Joni was waiting for the Car on the Hill, her lover, (allegedly Jackson Browne) to show, when he was (allegedly) with another woman. The longing, the sadness, and the pain of the disrespect towards her bleeds through her words and music. Waiting is a long climb, uphill all the way. There is no peace for the female waiter, just the anxiousness of knowing she has been done dirty, yet again. “He said he would be over three hours ago” she sings, yet there is no anger in her voice, just resignation. Yet another wait in vain, yet this waiting is so much sadder than it is sweet.
After all it is all just time. Pink Floyd and their clocks (and don’t dare suggest they might have passed the time getting high! How dare anyone suggest they were a ‘drug band’, Rog only did LSD twice doncha know! (coughs…Bullshit) are here to play us out of the waiting game. Trust the boys to set nerves on edge with their cacophony of clock sounds, the desperate fast heart beat of the tick tock in the background, reminding us that one day our hearts will tick without the tock…The spaceman empty reverb echoing around the ‘moments that make up a dull day, launching us into the ‘quiet desperation’ which might be the English way, but I sure as shit don’t fancy ‘frittering the hours’ away without raising my voice. It is a good job that Floyd do it for us. There is ‘time to kill’ when we are young…the song quickly moves beyond The Doors ‘Waiting for the Sun’ perfect moment of being young, and quickly accelerates into the desperation of ‘ten years have got behind you, no one told you when to run….you missed the starting gun’. A warning if ever there was one. Unfortunately all that pressure to make hay while the sun shines, make life what you can before the meter runs out and so does all the energy and possibility and hope and life, is not conducive to actually doing anything worth shit.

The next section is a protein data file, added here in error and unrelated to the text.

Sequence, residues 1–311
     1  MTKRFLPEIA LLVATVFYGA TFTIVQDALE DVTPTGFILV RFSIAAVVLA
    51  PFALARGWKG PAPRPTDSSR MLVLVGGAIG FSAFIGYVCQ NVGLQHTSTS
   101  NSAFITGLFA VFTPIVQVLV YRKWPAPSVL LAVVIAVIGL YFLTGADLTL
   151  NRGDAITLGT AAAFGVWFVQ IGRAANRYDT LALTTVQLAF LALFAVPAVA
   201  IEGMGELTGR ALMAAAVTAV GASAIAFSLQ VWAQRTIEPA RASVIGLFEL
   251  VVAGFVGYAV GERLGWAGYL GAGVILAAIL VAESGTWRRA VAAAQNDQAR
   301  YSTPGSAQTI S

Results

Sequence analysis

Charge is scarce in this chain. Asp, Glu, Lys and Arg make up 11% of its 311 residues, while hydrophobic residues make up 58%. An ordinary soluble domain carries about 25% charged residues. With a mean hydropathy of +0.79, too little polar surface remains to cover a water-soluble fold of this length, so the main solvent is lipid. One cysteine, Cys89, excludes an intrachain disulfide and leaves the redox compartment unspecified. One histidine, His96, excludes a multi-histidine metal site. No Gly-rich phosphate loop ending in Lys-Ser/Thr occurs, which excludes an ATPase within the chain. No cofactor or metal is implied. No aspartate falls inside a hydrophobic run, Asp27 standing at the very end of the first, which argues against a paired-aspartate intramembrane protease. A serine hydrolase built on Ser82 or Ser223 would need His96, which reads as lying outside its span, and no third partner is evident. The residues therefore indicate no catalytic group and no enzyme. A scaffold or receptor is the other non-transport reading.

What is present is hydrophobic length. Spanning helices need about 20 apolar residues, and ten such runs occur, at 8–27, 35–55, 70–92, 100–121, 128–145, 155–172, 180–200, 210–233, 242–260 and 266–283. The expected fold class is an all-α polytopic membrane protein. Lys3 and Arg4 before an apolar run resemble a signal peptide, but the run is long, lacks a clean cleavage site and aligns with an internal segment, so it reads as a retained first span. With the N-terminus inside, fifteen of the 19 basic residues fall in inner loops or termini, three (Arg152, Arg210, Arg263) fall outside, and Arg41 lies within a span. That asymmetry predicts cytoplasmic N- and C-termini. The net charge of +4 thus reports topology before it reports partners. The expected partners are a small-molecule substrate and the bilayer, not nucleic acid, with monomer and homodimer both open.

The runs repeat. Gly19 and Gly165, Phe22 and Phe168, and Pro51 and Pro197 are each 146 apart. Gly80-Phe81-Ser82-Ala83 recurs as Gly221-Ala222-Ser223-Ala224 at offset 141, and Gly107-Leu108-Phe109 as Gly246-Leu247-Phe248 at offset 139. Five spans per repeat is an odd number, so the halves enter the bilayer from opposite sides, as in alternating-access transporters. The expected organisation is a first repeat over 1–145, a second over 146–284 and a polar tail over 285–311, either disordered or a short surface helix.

The oppressive knowledge that “the sun is the same in a relative way, but you are older, shorter of breath and one day closer to death’, is brutally not shied away from by the Floyd boys, no matter if they do soothe the existential nightmare they are facing on and kissing full on the lips. We all think we have ‘something more to say’. I like to think I haven’t run out of interesting things to write about, but in the end the fear gets hold of us, that ‘tolling of the iron bell’. I won’t be dragged to my knees quiet yet. I am not into capitulation, no matter how hard the waiting game might be. How hard is it to look back on all those wasted moments pining over girls or boys that just were not that ‘into me’, all that wasted time not enjoying the wait, the moments in between the frenetic action and reaction. Time. The enemy of us all. Waiting waiting waiting, and then….one day, the wait is no more. There is no more time to kill, to fritter, to spend like water to run through our fingers in the burning of the sun, in the darkness of the stillness of the night.
Enjoy the wait. Treasure the time. Embrace the boredom and the lack of action and those moments which seem to mean nothing at all, until they mean everything.
I’ll be waiting for ya on the dark side of the room….